I’ve recently discovered a part of myself that I never knew existed..an inherent need, a kind of maternal instinct if you will, to feed my family with an extra dose of fruit and vegetables. I’m not getting ahead of myself here, I’m still talking mascarpone, but I’m pretty sure I’ll be the kind of mum who will conceal a few pieces of broccoli under a blanket of melted cheese, make sweets out of dried fruits, or just..hide figs under some mascarpone. I try. (My dear husband is the fruit ninja in question here). Enough practice for when we have little ones of our own!
This dessert is simple enough to be called a weekday dessert, and at the same time looks super extravagant to be a party piece. The figs retain and hold their shape when baked, and the honey and cinnamon form an oozy syrup to be poured over the top for extra flavour. The mascarpone, slightly tart, gives you the perfect balance in every bite.
I recently discovered the joys of Japanese Soba (buckwheat) noodles. I’d eaten it several times at restaurants, but only recently found out that a speciality store I frequent stocked them.
If there was one term that I could use to describe this dish, I think ‘restorative’ would be it. The noodles, made from buckwheat flour have this certain huskiness about them that your brain immediately classifies as being good for you. Which it is, but you actually feel like you’re nourishing your body from within. Also, the fact that there was no oil used in this recipe speaks for itself. But get this..Soba noodles are chock full of proteins and fibre, fat-free, cholesterol-free AND gluten-free. It’s a superhero amongst the noodle clan. The silent protector, the watchful guardian..the dark (brown) knight.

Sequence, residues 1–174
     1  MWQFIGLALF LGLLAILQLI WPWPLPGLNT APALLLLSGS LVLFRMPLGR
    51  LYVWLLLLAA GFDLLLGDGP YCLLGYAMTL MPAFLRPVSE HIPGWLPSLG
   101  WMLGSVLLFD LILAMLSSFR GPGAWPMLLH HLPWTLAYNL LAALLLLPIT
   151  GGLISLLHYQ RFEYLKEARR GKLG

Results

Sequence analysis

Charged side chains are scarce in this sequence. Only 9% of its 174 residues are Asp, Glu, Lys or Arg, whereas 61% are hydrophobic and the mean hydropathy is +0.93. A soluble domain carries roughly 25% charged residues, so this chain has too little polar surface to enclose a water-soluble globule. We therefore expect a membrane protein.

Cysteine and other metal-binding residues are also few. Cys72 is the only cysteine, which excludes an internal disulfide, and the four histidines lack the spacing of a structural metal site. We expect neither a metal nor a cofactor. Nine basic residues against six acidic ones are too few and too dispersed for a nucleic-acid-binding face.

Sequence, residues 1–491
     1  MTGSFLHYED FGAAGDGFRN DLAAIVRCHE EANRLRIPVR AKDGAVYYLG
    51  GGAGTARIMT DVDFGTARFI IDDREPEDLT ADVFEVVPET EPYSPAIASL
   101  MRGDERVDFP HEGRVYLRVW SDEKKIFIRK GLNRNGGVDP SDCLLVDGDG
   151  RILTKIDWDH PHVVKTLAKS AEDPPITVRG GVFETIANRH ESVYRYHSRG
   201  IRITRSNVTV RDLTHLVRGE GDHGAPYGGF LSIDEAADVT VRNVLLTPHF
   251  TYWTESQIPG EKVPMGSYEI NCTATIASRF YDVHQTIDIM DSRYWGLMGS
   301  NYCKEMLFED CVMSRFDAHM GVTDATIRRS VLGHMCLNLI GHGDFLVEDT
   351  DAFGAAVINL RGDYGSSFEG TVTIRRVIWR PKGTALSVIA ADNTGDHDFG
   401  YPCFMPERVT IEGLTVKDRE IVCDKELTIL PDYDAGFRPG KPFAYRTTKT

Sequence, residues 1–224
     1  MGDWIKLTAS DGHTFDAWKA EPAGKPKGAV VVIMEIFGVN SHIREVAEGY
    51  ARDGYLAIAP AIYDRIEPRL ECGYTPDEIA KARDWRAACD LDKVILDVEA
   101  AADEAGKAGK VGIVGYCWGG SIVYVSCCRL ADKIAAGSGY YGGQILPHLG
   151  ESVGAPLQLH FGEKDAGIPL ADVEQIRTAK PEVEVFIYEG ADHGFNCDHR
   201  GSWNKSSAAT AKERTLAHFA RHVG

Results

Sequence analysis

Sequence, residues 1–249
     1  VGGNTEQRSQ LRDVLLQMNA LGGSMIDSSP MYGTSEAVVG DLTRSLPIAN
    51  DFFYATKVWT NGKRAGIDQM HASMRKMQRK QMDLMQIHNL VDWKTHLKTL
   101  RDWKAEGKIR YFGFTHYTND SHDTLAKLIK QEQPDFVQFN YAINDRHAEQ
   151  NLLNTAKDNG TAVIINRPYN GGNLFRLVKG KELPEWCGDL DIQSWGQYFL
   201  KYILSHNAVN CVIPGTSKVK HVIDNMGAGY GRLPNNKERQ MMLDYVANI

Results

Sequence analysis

This was my first attempt at the elusive chicken soup, but I was very happy with the results I got, and so, confident enough to
brag blog and share with you. Happy slurping!
Brace yourself for this. I may just have the simplest, quickest recipe for you which actually looks like you put in a whole load of effort (says the same person who layered lemon curd over fresh fruit and made it a dessert), so you know I’m onto something here.
This crumble can be used as a staple and adapts beautifully to any kind of fruit base. Apple is a classic which I adore also, but in this version, I’ve used fresh ripe nectarines. It tastes like summer in every bite.
A dollop of ice cream over warm crumble is classy, but straight out of the oven is most likely what you’d see me doing – jumping straight for the sticky caramelized bits that stick to the sides of the ramekin, and invariably burning my tongue every.single.time. It happens to the best of us (I kid myself).
We know that iced tea is synonymous with summer. It’s not often that I find peaches in my market, and the mere sight of these plump beauties had me so excited! For something that doesn’t grow locally, I expected them to be tart and almost inedible, leaving me with the only option of cooking them. I was pleasantly surprised – sweet and zingy with that irresistible peachy flavour in every bite. In the tea, the fruit soaks up a lot of the sugar and gets super juicy. Get your hand into the glass and fish them out..go ahead, no one’s judging.
I always make my own iced teas (lemon and peach flavours) and store in the refrigerator. The lemon is a combination of freshly brewed tea and lemonade, which I found out recently, is also known as an ‘Arnold Palmer‘. The peach variation gets a swig of peach syrup added into it. Spiking it with vodka is another option.. follow your own adventure.
Purely for aesthetic reasons, freeze some mint leaves in ice trays and drop some into your glasses for some extra effect. A fancy shmancy patio drink you can enjoy all through the sunny days!